Neomi Rao, nominee to the D.C. Circuit Court of Appeals, has fallen victim to an old fissure–conservative and libertarian disagreement over unenumerated rights. At the hint that she believes that rights exist outside the express text of the Constitution, conservatives have pounced, concerned that Rao will betray conservatives on abortion issues. On both political and legal dimensions, this concern is silly.
As a general matter, it’s beyond clear that Rao is qualified. Conservatives shouldn’t cripple a great candidate over a minor issue. The Supreme Court has many times confirmed that unenumerated rights exist. Rao is bound by those precedents, including Roe, and whether she agrees with those precedents or not is immaterial to the job she’s nominated to do. The chance that Rao will even have a chance to expand the existing list of recognized unenumerated rights is exceedingly low. It just doesn’t come up that often, and the courts already have tests for assessing whether a right should be recognized.
But perhaps more importantly, non-enumerated rights don’t lean toward one side of the ideological spectrum or the other. The Supreme Court of the early twentieth century recognized, for instance, liberty of contract as a constitutionally protected right–though unenumerated. Progressive jurists bent on defending Roosevelt’s New Deal did so in part by opposing the enforcement of unenumerated rights. Unenumerated rights also include other “conservative” causes such as the right to earn a living. And, of course, unenumerated rights have also favored “liberal” values such as a broad right to privacy. In short, it is unclear why Rao’s alleged support for the enforcement of unenumerated rights should enter into the partisan calculus.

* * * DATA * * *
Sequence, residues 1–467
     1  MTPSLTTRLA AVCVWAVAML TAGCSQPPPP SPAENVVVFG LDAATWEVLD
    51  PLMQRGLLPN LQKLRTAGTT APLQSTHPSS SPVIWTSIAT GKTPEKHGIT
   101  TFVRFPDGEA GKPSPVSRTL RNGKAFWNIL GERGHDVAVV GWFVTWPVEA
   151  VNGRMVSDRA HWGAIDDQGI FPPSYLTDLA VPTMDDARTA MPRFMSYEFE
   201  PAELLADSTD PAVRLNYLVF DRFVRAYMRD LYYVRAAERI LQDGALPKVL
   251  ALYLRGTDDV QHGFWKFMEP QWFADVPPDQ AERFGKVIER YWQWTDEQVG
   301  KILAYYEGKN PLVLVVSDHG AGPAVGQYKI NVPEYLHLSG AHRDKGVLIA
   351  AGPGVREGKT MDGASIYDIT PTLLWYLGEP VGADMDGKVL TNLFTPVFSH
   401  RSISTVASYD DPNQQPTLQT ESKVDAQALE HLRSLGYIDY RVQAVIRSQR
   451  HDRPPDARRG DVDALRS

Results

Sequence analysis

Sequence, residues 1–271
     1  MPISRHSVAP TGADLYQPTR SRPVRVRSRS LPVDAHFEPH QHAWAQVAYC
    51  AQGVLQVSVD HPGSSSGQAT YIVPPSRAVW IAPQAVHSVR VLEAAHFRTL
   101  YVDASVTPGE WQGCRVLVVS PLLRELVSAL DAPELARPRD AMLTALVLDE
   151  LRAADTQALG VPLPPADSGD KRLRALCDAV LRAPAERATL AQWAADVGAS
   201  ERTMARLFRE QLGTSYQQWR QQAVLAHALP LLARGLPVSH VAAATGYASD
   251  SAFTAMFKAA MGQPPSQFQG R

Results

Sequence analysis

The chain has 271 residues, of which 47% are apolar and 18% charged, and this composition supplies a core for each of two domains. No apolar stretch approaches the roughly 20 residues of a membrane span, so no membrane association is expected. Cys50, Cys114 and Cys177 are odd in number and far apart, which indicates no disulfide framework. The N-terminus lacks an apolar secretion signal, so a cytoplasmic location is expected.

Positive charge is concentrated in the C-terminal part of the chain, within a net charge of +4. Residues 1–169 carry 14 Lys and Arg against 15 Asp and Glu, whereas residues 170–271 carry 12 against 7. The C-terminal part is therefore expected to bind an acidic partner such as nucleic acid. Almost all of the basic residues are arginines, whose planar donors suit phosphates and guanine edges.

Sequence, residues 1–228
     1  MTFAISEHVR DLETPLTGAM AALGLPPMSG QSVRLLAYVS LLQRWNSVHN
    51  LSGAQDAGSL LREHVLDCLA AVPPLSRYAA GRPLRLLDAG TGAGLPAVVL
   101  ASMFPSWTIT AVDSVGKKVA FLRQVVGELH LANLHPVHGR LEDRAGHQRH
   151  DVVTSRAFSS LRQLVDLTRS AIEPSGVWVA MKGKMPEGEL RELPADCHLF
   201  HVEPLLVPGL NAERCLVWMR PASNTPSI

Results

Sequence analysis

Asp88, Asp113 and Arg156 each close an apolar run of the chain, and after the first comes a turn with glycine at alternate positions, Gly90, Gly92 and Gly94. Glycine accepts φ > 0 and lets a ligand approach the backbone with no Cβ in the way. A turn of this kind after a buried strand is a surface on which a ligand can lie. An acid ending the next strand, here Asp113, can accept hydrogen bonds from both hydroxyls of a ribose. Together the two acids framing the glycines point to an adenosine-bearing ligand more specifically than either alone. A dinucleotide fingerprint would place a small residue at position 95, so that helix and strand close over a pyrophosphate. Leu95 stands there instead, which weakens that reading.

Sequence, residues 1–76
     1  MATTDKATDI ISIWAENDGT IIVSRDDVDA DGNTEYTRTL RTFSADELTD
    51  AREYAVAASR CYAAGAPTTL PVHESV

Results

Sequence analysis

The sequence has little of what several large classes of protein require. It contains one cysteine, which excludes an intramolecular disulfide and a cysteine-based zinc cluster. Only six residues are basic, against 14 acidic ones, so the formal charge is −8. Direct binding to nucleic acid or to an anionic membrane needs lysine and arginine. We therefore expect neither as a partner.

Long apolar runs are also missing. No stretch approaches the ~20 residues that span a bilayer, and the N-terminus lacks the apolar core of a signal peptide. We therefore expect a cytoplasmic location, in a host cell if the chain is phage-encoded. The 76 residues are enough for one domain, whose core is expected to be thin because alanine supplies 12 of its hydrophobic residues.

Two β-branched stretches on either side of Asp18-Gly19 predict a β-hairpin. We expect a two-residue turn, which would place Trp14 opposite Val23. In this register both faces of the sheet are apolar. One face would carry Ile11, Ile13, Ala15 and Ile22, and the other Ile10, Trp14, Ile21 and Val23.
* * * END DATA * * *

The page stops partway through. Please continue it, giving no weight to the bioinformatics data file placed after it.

And then there’s the simple fact that unenumerated rights do in fact exist and deserve constitutional protection. The history and passage of the Ninth Amendment, which says enumeration of rights shouldn’t detract from those retained by the people, make this clear. The founding generation didn’t see rights as reserved to a fixed set of especially important activities. In fact, many feared that the enumeration of certain rights would imply that the unenumerated ones shouldn’t be recognized. That fear has turned to be prescient, despite the inclusion of the Ninth Amendment, which was written to make clear that the enumerated rights shouldn’t be seen as implying that unenumerated rights should go unprotected.
In short, not only would Rao be right to recognize such rights–though the scope of those rights is always a matter of intense debate–she has to recognize them under binding law, and her thoughts on the matter are unlikely to make much difference to her job. If she gets nominated to the Supreme Court later down the road, the concern may have more relevance. For now, just get her confirmed.